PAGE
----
A common question when illustrating, especially for video games, is how to get ideas for a cliché-free character. And considering that I've decided to design this particular destructor in the form of a bath toy, it'll have to be blowing something up or the whole piece will be too adorable.
It's in our nature to trust cute things, but some rubber ducks just want to watch the world burn. On the upside, reference won't be too big of a deal. If you can find a toy store, they probably have one. Aside from the duck, it's really just a matter of finding the right environment for the chaos.
Composing the elements should reflect what you're trying to say about the monster. If the message is, "He's big, he's powerful and he's going to destroy us all," then focus on how you can specifically convey those three things.
To get the sense of 'big' across, we show our duck towering above the buildings. For 'powerful', a focal point should be his ability to blow things up. As far as 'he's going to destroy us all' – well, in this instance we can just put the two previous parts together and let the magic happen.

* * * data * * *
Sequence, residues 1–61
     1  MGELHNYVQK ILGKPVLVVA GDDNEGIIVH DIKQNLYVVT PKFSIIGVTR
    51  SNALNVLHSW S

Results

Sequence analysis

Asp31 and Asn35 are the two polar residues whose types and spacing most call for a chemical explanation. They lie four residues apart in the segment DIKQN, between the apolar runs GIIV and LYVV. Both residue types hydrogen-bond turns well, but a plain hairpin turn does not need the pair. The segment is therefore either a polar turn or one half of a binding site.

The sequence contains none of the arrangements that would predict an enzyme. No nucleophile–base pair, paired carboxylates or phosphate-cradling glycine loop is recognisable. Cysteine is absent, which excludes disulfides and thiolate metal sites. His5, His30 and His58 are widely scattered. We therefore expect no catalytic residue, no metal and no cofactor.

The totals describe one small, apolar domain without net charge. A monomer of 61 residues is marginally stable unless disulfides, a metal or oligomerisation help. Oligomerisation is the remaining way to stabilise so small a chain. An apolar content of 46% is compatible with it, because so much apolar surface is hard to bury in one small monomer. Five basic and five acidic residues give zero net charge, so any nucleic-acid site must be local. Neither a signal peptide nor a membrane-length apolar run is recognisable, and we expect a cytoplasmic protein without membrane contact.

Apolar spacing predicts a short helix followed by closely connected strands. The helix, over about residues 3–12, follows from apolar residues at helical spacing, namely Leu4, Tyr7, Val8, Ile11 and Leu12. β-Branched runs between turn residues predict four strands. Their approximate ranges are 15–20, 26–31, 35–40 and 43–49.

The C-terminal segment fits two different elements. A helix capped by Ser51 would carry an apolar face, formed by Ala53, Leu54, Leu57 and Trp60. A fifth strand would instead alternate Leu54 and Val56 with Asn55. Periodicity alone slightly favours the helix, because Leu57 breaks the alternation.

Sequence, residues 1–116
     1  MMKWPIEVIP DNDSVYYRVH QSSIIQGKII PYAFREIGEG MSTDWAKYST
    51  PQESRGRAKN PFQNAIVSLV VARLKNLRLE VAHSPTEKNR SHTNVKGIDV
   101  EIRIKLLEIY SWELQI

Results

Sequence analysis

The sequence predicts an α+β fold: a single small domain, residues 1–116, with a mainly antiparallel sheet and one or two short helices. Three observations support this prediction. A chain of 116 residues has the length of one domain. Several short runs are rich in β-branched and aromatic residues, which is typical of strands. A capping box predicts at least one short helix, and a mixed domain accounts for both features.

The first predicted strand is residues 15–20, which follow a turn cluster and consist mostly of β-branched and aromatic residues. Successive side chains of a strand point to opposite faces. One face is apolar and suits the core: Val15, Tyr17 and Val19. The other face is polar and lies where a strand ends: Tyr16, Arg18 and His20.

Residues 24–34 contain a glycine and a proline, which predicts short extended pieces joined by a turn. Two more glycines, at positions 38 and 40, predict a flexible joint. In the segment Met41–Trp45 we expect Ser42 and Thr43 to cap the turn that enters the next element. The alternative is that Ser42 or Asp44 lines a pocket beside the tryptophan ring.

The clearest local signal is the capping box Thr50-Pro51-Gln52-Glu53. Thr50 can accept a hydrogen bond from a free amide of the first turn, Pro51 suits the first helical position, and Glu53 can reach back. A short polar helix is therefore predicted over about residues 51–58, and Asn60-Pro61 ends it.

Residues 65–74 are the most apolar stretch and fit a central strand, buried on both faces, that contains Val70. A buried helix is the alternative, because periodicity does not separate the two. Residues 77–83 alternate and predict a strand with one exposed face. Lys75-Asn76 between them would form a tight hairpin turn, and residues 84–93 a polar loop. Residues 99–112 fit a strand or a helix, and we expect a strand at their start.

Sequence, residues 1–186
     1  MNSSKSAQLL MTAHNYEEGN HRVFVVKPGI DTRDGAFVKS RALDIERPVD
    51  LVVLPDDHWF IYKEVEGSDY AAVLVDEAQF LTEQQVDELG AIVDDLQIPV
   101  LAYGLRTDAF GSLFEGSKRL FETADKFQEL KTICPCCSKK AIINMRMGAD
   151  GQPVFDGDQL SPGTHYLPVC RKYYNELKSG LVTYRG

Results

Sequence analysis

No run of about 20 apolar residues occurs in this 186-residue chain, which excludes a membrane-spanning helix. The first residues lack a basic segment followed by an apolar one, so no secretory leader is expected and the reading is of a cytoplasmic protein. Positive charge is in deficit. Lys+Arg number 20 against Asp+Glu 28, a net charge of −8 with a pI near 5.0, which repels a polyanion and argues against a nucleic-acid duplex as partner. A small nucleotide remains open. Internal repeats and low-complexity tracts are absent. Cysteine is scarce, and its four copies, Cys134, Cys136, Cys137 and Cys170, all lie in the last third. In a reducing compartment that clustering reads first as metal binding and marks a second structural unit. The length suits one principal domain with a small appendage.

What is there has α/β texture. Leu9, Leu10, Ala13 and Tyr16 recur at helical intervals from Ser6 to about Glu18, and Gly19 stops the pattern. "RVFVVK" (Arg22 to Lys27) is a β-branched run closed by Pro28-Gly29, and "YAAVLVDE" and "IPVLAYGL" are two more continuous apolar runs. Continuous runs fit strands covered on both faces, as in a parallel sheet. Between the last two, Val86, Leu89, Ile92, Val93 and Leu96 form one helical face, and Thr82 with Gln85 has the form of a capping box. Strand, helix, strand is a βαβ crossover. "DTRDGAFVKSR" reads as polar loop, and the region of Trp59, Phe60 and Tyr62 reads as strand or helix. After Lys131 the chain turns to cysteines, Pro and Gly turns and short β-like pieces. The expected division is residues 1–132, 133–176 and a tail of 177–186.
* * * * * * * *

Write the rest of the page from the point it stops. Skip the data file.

01. Compare sizes
I consider having him rise from the ocean like Godzilla, but if there's only water around we have nothing to compare sizes with.
Conveying the enormity is one of my primary concerns, so I move the whole thing into a city where buildings will set the scale. Since he's large and far away, make sure the edges aren't too hard.
He needs a terrible power, but what to choose? Flame breath is an old standby. He could bounce on top of the buildings, have laser eyes, or even sonic screams.
In lieu of the Godzilla theme, though, I've gone for something else. The skyscrapers are no match for the death beams that burst from his bill like hellfire.
03. Don't call me ducky
Giant things can also be considered adorable, so this can't be where we stop things. It's time to accessorise.
Any of these items alone may not seem intimidating, but adding a headband, a facial scar, stubble and a shark's tooth necklace will say everything we need to know about this rough character.
Words: Tony Foti
Tony Foti is a US freelance illustrator who contributes to D&D and Fantasy Flight Games' Star Wars and The Lord of the Rings lines. This article originally appeared in ImagineFX magazine issue 106.